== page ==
PSI took a critical stance against the Health Impact Investment Platform. Its concessional loans will only increase the debt burden of LMICs. Instead of mechanisms such as this platform, we urged Member States to rather call for the cancellation of LMICs debts, and link this to their expanding investment in primary health care.
As the global union for health and care workers, we also expressed our deep concern about the shortage of, and deficit of decent work for health and care workers. Repeating the need to prioritise strategic investments in the health and care workforce is not enough. We called on Member States to walk their talk with the implementation of the recommendations of the 2016 United Nations High-Level Commission on Health Employment and Economic Growth (UN-COMHEEG).
PSI represented organised labour on the High-Level Commission and contributed to the formulation of its ten-point recommendations. These informed the joint WHO-ILO-OECD Working for Health programme. We will continue to push for governments of Member States of WHO to go beyond verbal commitment and implement these recommendations and outcomes that have flowed from it, such as the Global health and care worker compact.
Our stance on the draft global action plan for infection prevention and control (IPC) at EB154 was informed by our responsibility as the global organised labour body in the health and care sector, as well as the need for active public involvement of people in all aspects of promoting and ensuring health.
We thus welcomed the draft action plan that will help put into practice the global strategy on infection prevention and control agreed upon at the 75th World Health Assembly in 2022. But we drew the attention of Member States to some gaps that we called on them to address.
Top on this list for is failing to integrate application of the precautionary principle into IPC guidelines and practices, particularly in the face of health emergencies where there is insufficient evidence on the nature and modes of transmission of infection. During the COVID-19 pandemic, PSI and its affiliates persistently requested this application for health and care workers, but our demands were ignored.
Perhaps fewer health and care workers would have died whilst helping to save lives during the pandemic if this had been done. We have also demanded an explicit inclusion of the application of the principle in the pandemic accord under negotiations. However, so far, the Intergovernmental Negotiation Bureau of WHO Member States has not included this in any iteration of the draft text.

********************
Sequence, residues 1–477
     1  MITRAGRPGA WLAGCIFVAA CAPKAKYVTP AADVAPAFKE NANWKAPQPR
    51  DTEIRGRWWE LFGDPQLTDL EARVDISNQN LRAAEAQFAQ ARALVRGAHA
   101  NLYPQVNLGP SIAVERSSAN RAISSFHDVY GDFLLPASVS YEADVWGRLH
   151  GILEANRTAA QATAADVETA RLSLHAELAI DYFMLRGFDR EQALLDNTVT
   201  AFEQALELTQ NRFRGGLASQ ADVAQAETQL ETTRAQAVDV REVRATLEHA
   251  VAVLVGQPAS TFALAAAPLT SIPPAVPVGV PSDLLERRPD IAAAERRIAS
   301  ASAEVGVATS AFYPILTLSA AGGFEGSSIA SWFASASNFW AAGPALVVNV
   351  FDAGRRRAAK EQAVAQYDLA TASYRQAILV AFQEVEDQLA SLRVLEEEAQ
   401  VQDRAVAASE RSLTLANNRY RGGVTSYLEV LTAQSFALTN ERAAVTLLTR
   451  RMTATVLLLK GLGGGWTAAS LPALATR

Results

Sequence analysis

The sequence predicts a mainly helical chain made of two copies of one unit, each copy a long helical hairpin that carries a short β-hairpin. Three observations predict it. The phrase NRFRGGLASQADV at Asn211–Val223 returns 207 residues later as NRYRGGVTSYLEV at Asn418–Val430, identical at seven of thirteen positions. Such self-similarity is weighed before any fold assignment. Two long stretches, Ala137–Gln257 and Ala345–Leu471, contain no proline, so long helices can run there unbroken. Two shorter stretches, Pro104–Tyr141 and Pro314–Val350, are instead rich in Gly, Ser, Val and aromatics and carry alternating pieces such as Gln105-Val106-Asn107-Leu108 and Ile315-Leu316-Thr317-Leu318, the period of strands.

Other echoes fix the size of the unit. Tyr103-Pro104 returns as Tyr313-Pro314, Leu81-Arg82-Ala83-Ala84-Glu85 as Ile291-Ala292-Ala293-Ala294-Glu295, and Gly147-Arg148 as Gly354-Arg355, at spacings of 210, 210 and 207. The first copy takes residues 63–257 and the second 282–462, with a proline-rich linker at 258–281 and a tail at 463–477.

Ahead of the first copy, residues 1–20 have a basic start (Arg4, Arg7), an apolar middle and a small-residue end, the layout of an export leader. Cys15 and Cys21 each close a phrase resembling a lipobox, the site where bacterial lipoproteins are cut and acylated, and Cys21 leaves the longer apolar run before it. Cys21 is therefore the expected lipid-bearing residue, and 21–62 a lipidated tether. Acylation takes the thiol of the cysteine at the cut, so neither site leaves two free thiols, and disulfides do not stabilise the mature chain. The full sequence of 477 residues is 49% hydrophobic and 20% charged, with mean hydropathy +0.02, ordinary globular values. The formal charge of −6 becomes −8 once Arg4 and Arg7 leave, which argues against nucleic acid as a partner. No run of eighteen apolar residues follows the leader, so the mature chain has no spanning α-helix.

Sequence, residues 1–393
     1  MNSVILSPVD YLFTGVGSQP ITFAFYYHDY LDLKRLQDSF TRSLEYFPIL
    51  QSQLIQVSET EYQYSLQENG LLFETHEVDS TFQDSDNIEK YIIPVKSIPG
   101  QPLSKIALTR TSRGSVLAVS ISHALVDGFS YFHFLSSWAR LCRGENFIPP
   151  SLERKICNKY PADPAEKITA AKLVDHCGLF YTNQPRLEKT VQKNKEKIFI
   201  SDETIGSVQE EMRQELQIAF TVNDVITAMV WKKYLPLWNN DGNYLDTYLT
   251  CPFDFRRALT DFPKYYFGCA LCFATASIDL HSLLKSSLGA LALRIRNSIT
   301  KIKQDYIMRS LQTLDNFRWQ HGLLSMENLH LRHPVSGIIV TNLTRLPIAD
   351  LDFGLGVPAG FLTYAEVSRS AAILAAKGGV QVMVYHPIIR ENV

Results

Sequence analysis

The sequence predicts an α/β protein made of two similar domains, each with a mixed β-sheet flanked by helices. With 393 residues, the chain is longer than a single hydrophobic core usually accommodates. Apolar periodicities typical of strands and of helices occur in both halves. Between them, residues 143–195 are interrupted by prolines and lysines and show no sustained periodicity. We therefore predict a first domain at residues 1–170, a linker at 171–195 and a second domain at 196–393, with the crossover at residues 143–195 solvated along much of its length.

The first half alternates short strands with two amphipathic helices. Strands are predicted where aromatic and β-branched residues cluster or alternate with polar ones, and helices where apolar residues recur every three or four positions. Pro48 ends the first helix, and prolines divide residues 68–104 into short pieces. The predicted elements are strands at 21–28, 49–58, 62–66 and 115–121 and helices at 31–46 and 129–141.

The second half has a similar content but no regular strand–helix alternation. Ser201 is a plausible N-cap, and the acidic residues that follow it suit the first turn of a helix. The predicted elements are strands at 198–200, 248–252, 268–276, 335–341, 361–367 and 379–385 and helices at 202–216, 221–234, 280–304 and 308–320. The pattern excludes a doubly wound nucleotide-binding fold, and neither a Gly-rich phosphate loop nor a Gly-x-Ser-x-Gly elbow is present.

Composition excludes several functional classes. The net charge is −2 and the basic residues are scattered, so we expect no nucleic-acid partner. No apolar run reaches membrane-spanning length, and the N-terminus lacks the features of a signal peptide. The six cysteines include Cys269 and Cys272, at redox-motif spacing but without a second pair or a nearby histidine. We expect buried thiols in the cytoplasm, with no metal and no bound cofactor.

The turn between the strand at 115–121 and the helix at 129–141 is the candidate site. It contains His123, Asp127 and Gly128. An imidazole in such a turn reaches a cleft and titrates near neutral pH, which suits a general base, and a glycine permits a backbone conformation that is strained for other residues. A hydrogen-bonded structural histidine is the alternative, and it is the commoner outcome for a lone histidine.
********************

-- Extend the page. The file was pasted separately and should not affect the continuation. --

We also asked Member States to ensure that procurement and stockpiling of consumables, including medical supplies and personal protective equipment (PPE), effectively ensure IPC for health and care workers, by not limiting these to the profit-seeking logic of market forces.
Support for LMICs to strengthen their institutional capacity for disease surveillance, national public health standards and quality assurance cannot be overemphasised, as we pointed out. Finally, on this agenda item, PSI called for the inclusion of IPC in the community within the action plan. This would involve emphasising the need for Member States to finance clean water and sanitation provided by local and regional governments.
WHO’s work in health emergencies was at the heart of discussions under Pillar 2. This covered reports presented by the Director-General on “Public health emergencies: preparedness and response” and “strengthening the global architecture for health emergency preparedness, prevention and response and resilience”
PSI commended WHO’s assiduous work in health emergencies and the efforts of the WHO Secretariat and staff across the world at strengthening health emergency prevention, preparedness and response (PPR). Nevertheless, there were several important issues that Member States needed to address.
First, the gross under-funding of the WHO Health Emergencies Programme, by up to 40%, is indefensible. Member States should honor their responsibility to fund this important programme for the benefit of humankind, considering the traumatic global experience of the COVID-19 pandemic and the ongoing planetary crisis and conflicts we are confronting.
PSI pointed out that equity and even enlightened self-interest demands that high-income countries (HICs) live up to the responsibility of ensuring that the programme is adequately funded, without prejudice to contributions by LMICs. Pathogens and diseases, as we have seen, do not respect boundaries. Global solidarity requires better resourced countries to do what is needed in terms of funding.